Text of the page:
Glories and mysteries in the Swartland

It’s always startling to go to the Swartland in winter: the outsider forgets how green it is. The gold and ochre tones of the wheatlands which dominate the area’s character are transmuted to the tender colour of young plants. The scrubby stretches of gnarled chenin bushvines which are the region’s glory (if one likes wine even more than bread) are increasingly carpeted, even now in early winter, with either weeds or sown cover-crop. True, the high-yielding vineyards which owe more to the agro-chemical industry than the terroir are rather less lush than in summer, but on a mild, sunny winter’s day they look more in tune with the landscape.

So lovely a day was it on Saturday that the minute I arrived outside Eben Sadie’s cellar he said “Let’s go for a drive!”. So we did, and Eben being Eben I learnt quite a lot about the idiosyncracies of his beloved Swartland landscape and about viticulture (or I was at least given the chance to do so). So, he showed me how the lupin stores its nitrogen (but I was taking the picture so didn’t pay enough attention), and how he’d like to put down an expensive blanket of straw over the vineyard as this would, via a complicated process involving bacteria and arcane aspects of the ripening process, help increase the acid levels in the ripe grapes. (I confess I can’t recall quite all the details, but I was convinced, as most people are when they talk to Eben – or listen to him, which is rather commoner.)

But Eben is also quite happy to find some things inexplicable. We were tasting through all his barrels of the 2009 wines made from old vineyards, mostly isolated ones far up the West Coast, from which he’s preparing six traditionally made wines to be sold in mixed cases in tiny quantities (described here). Some are from the mix of normal and red semillon which I also wrote about before in that context.

There were two barrels of one of these wines (the vineyards’ produce is all kept separate, of course) which were for space reasons being kept in two different cellars – Eben also rents a 300-year old barn on the Perdeberg mostly for barrel maturation of his brilliant Sequillo wines. The point is that although the very old barrels themselves seemed identical, and the wine in each came from the same tank, they are developing remarkably differently. So much for terroir, you might say – but Eben is under no illusions about the crucial role that the vigneron  plays in the expression of the possibilities allowed for by terroir.

Incidentally, Mrs Kirsten’s Old VIne Chenin, the old-vineyard Stellenbosch wine which has been made for a few vintages will become part of this new “Heritage Series” . And there was another example of cellar mystery. Sample the 2009 version and it is the palest straw colour, fresh and essentially typical young chenin; move to the 2008, which has filled an old inert barrel for a firther year, and it has already acquired a deeper gold colour and the markedly oxidative character which some like so much (and which appals Michael Fridjhon, for example). This rapid development happens each year, says Eben.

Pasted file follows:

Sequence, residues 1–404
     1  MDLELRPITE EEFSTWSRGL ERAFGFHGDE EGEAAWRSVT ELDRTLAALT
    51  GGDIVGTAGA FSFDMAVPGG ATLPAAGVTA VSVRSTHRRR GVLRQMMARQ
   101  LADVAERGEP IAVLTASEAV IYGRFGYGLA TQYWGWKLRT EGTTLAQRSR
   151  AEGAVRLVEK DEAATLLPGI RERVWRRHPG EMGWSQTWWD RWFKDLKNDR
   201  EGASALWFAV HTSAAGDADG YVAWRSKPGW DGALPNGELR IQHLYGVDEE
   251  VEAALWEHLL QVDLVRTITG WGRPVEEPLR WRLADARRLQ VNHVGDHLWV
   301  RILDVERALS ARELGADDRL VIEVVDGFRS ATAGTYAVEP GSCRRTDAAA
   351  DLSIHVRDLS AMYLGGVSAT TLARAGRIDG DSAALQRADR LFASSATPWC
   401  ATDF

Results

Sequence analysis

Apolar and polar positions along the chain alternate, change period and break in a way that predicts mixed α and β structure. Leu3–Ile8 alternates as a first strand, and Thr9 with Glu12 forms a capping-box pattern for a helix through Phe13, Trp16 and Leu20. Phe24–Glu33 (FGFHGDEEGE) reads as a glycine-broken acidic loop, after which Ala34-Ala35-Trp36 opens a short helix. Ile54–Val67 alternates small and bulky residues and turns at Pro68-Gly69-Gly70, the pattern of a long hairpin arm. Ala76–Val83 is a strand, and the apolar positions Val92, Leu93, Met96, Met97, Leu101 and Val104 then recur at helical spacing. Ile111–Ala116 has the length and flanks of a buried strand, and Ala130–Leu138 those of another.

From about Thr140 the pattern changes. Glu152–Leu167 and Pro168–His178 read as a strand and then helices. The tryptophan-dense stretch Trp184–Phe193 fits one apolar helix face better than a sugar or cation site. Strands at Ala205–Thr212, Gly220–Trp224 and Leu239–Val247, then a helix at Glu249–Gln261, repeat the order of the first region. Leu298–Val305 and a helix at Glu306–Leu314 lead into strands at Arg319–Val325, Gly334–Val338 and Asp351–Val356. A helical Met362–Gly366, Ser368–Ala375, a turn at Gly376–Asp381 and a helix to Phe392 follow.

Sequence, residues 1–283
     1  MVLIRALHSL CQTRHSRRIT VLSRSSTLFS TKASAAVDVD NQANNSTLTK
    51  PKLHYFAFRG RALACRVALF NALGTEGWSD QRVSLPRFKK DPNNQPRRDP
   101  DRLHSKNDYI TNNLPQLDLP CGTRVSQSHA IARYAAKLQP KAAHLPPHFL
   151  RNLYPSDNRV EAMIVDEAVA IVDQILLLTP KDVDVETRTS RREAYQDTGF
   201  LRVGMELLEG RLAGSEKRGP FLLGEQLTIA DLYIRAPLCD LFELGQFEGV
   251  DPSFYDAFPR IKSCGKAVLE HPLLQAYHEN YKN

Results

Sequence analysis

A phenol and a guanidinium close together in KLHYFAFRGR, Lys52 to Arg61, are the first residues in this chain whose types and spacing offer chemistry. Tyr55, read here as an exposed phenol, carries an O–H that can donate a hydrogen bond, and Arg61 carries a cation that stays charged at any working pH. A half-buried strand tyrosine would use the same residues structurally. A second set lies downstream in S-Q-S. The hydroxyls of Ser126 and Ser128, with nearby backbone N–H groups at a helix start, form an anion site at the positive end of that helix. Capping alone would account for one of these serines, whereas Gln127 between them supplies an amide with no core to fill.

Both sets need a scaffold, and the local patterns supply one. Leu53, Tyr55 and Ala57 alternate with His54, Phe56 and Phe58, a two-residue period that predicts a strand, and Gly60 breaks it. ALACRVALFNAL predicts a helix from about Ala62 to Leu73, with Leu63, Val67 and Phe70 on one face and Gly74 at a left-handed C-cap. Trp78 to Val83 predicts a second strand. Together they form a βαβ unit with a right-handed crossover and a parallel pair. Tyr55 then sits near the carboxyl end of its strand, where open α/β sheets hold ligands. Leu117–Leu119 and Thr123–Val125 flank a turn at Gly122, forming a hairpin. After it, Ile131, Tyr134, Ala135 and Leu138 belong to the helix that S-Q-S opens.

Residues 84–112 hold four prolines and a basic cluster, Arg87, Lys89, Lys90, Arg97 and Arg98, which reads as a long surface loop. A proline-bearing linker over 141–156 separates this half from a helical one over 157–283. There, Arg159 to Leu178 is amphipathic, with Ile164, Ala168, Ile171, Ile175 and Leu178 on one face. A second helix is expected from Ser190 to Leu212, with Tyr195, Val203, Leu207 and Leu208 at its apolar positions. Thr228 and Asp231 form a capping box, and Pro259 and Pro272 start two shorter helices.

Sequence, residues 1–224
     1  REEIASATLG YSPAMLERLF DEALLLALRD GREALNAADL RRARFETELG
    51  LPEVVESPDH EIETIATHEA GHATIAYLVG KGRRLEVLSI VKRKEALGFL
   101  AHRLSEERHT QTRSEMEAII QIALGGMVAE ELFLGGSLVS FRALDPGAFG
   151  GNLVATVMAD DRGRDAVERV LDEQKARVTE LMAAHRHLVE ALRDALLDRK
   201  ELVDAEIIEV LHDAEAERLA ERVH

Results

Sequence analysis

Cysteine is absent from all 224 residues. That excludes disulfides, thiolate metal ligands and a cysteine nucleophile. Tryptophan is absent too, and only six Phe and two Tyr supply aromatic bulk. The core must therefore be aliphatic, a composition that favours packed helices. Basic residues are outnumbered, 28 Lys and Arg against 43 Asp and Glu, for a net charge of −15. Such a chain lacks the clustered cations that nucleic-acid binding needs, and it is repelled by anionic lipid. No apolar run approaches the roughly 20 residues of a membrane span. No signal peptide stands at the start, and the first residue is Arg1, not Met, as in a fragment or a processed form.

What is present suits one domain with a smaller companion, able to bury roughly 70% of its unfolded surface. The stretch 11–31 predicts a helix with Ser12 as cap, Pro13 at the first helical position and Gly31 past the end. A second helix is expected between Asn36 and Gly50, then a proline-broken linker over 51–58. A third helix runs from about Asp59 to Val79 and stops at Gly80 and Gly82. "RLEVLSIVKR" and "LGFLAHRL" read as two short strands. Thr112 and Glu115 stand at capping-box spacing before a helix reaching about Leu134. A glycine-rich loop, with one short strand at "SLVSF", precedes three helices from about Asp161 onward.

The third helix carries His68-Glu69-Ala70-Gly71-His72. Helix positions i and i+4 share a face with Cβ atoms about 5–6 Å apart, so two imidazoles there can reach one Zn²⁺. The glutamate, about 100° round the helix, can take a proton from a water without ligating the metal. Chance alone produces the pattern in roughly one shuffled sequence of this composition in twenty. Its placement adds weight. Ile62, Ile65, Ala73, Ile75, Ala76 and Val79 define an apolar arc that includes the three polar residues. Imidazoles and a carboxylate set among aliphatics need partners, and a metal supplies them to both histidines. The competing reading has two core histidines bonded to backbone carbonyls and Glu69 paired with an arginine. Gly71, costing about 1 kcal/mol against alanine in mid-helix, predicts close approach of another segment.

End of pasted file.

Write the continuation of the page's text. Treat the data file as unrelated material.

There was much more to taste. Including the components of the 2009 Columella, all foot-trodden this year, much of it not destemmed, some of it headed for the huge maturation barrels (nearly half a million rands each, which is why there’s only one so far) which Eben sees as the future for all of his top red wine. And we also raided a couple of the wines made here by Dirk Niepoort, of the famous Port house which is now also responsible for some of the finest Portuguese dry red table wines. The 2008 Port (which includes pinotage in its blend) is most impressive – drier-finishing than most local “ports”, intense and fiery; apparently Dirk thinks it quite up to the standards of his vintage port back home in the Douro. It will no doubt remain a little longer in the three ancient barrels which Dirk brought out from Portugal for it – after that, I’ve no idea what will become of it.

I was by now overdue for my meeting with Chris and Andrea Mullineux, the most recent of the bright young things to arrive in the southern Swartland. But it didn’t matter – we were all going out to dinner that night, anyway, with a few more of the aforemented bright young things. But I’ll take the memory of that delay as an excuse to stop this rambling account forthwith, to resume later with something about the auspicious first Mullineux releases.

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